Sound Finder

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Sound Finder allows you to find SoundCloud users that have the same taste as you.


⚠️ I've since let this domain name go. Leaving the article published as a fun time capsule. ⚠️


This project started out as a personal project/experiment. I started finding new music on SoundCloud by looking at all the people that liked a good track and seeing what else they liked. Doing this through the SoundCloud UI worked, but there were a lot of misses and it took quite a long time. While reading the SoundCloud REST API documentation (because, yes, that is fun to me) I noticed that the response that comes back for a track includes all of the users that favorited that track.

This gave me the thought that I could probably build my own UI that would help me find new music by searching through the favorites of other SoundCloud users that were similar to me. It turns out that this very naïve recommendation engine actually works quite well. It mirrors the way I find music in real life, ie. talking to friends who like good music about what they're listening to lately.

One thing lead to another and now it's a full blown website with a player, a music visualizer, and a UI.

Technologies Used

I got to explore some really fun APIs that I hadn't used before. Below is a summary of how the technical side went together and what I learned using each piece.


I've been wanting to dig into the Canvas API for a while now, but I've been intimidated by it. Turns out it's incredibly easy to get started. You just get a context (although it seems like 2d is your only option right now) and start drawing paths. It's basically a vector drawing program driven from JavaScript. You just tell the context you're beginning a path, and then move and draw lines, filling when you're done.

Loading indicator created with canvas

Turns out, if you use requestAnimationFrame and clear the canvas every frame, it works really well as a sort of poor man's animation library. It's quite low-level drawing the individual lines and shapes (at least more low level than it used to be back in the Flash days), but the math is sort of a fun mental challenge, and you can create some really cool effects.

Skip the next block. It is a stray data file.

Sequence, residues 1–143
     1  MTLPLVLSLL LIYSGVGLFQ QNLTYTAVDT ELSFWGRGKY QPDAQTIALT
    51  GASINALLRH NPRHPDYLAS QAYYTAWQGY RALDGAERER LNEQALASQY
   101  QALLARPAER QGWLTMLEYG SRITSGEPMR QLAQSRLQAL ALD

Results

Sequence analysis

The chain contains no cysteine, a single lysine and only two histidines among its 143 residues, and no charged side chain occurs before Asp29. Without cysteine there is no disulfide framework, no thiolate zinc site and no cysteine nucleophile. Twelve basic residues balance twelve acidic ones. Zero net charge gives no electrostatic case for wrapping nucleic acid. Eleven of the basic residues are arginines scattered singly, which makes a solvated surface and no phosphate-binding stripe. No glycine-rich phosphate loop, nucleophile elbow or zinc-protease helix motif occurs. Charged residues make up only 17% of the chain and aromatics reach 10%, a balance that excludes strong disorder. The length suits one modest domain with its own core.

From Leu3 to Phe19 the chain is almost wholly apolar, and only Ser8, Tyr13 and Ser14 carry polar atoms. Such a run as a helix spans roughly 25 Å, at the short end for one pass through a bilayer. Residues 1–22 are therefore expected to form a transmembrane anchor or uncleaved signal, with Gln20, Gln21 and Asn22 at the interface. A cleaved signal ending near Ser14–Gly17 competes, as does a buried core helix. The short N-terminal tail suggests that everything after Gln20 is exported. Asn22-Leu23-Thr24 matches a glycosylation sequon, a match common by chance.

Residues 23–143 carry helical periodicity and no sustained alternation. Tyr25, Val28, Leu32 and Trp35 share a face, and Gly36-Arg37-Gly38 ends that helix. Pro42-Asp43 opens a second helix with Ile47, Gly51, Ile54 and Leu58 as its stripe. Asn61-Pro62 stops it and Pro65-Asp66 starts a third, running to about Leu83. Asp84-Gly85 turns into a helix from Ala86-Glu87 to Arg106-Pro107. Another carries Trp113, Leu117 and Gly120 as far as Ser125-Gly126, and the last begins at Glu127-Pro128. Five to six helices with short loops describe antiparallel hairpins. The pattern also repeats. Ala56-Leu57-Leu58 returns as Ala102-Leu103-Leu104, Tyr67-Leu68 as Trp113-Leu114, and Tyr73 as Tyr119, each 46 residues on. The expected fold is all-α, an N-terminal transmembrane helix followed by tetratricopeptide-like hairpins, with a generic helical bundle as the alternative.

This was another API that was sort of on my bucket list. I've always loved sound visualization. In fact the project that got me thinking about development and interactive art as a career was Magnetosphere, a project by Robert Hodgin (AKA Flight404). Apple later asked him to turn it into what is now the iTunes visualizer (command + V). Did you know you can interact with the iTunes visualizer? Press m to change the skin and + or - to add and subtract particles.

In any case, it turns out that building your own audio player in 2016 is extremely easy. You literally just add an audio element to the page and set its src attribute to the track you want to play. From JavaScript you have access to track info, pause, play, etc.

So that's pretty cool, but what's really cool is that using AudioContext's createAnalyser() method you can create a stream of frequency data! Plug this into the canvas animation and BAM! Music Visualization!


I also used Babel to build the site with newer JavaScript goodies. I think one of the best additions to JavaScript in ES6 is a native module syntax. Creating a clean API and loose coupling in your code is really nice. I was doing this with Browserify and CommonJS modules before, but once it's implemented and widely supported natively it will simplify things a great deal.

Arrow functions are another useful feature for cleaning up some code. I am really partial to using map, filter, and reduce, so arrow functions can really help. Here's an example from the project:

let rankedUsers = Object.keys(users)
  .sort((a, b) => users[b].similarity - users[a].similarity)
  .filter(id => users[id].permalink !== username)
  .slice(0, 28)
  .map(key => users[key])


I hosted the site with Surge, which is a really great static site hosting service. I've used Surge before, but for Soundfinder I used a really neat feature for single page apps. If you have a file named 200.html surge will just serve that file for every request. That means you can use really cool, clean, human-readable urls via the pushState API and you don't need any server component at all. Nice!


Finally, I've tried to make meaningful animation a core part of the project. Each level of the information hierarchy fades out and moves out. Using CSS3 and a small amount of JavaScipt I add a class to each "pane" of the app, inferring a left-to-right movement that helps the user understand progression through the workflow.

Animation effects are always a thin line between engaging and distracting, but I hope I've found a nice middle ground where the animation actually serves a purpose for the user.


As it's a side project, I'm always sort of working on it and changing things, and there is still a lot to do (I'm looking at you browser testing). In developer parlance I suppose you'd refer to that as Yak shaving, but I have had quite a lot of fun and it's always nice to have an excuse to play around with technology you've never used before and grow as a developer.

As always, hit me up on Twitter with your thoughts, corrections, and salutations @paulcpederson.